GE Workers Protest, Demand to Make Ventilators

GE workers in Lynn, Massachusetts have cleared the building four times after learning they had been exposed to a worker with COVID-19. Photo: Issac Devilla, IUE-CWA Local 201.

By Katie Ferrari

GE workers in Lynn, Massachusetts have cleared the building four times after learning they had been exposed to a worker with COVID-19. Photo: Issac Devilla, IUE-CWA Local 201.

Last Wednesday union members at General Electric plants across the country protested to pressure the $88 billion company to shift production to ventilators and ensure safe working conditions during COVID-19.

Actions at plants in Massachusetts, Virginia, Texas, and New York were coordinated by the Industrial Division of the Communications Workers (IUE-CWA)—the latest in an escalating pressure campaign.

WORKERS’ TWO-FOLD THREAT

GE workers are facing a two-fold threat under COVID-19: dangerous working conditions and job loss. On March 23 the company announced that GE Aviation would cut 10 percent of its total U.S. workforce and that half the company’s maintenance, repair, and overhaul employees could be furloughed for the next three months.

GE could avert the layoffs, the union said, by accepting funds from the recent stimulus bill or by shifting the impacted GE Aviation shops to ventilator production. Instead, it has rejected federal assistance and partnered with Ford to build ventilators. Ford is making 50,000 ventilators at one of its Michigan plants, with “clinical expertise” from GE Healthcare.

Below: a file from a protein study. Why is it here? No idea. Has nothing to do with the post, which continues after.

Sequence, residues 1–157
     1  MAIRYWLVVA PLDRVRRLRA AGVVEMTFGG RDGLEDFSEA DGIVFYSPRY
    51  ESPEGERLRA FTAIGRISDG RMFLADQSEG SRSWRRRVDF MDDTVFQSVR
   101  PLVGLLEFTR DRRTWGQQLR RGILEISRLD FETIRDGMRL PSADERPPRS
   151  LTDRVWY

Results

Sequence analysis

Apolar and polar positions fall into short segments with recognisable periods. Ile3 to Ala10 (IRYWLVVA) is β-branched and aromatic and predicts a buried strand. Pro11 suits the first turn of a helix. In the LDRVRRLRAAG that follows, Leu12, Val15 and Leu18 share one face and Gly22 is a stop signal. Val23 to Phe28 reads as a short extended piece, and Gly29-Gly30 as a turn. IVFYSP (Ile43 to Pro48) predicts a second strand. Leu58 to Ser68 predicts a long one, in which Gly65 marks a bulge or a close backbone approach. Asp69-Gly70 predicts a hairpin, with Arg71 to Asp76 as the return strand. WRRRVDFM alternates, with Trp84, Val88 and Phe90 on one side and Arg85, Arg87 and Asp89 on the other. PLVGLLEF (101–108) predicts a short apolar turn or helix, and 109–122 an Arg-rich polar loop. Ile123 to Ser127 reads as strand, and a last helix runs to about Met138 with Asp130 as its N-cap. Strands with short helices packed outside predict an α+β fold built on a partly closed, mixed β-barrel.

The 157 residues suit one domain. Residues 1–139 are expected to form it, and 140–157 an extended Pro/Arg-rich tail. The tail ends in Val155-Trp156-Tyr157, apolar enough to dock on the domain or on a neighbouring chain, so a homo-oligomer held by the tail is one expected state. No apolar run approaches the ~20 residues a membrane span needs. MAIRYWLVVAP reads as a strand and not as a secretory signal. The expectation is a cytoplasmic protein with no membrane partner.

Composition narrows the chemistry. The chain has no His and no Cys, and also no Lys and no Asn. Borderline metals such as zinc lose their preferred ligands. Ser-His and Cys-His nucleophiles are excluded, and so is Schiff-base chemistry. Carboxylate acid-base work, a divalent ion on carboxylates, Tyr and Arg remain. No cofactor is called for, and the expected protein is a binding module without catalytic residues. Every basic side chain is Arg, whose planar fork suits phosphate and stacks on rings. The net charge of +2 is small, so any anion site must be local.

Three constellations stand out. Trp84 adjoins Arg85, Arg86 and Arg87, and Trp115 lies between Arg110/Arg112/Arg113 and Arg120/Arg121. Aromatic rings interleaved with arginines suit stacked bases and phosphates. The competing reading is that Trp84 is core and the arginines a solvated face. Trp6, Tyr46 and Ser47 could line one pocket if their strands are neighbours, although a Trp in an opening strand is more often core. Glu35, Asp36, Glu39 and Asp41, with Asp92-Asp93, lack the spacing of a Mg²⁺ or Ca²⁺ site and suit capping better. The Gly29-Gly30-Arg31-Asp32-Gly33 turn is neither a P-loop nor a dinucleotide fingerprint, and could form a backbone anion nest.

MASSACHUSETTS THINKS BIG

In Lynn, Massachusetts, IUE-CWA Local 201 held a socially-distanced COVID-19 protest during each of the plant’s three shifts. The 1,300-person plant, which builds jet engines, has seven COVID-19 cases and workers are demanding a paid two-week shutdown to sanitize the plant and transition it to ventilator production.

Workers have cleared the building four times after learning they had been exposed to a worker with COVID-19. Each time, workers gathered in the parking lot and stated their demands to management. Section 502-143 of the National Labor Relations Act protects workers who choose not to work under “abnormally dangerous conditions.”

The protests have paid off. Workers have won temperature checks upon entering the plant, personal protective equipment (gloves, soap, paper towels, and some masks), and a tenfold budget increase for cleaning and supplies. Workers are still fighting for masks for all workers, hand sanitizer, and more protective uniforms. Local 201 has forced the company to waive discipline on COVID-19 related absences. Last week, 450 workers stayed home […]

Via https://www.labornotes.org/blogs/2020/04/ge-workers-protest-demand-make-ventilators

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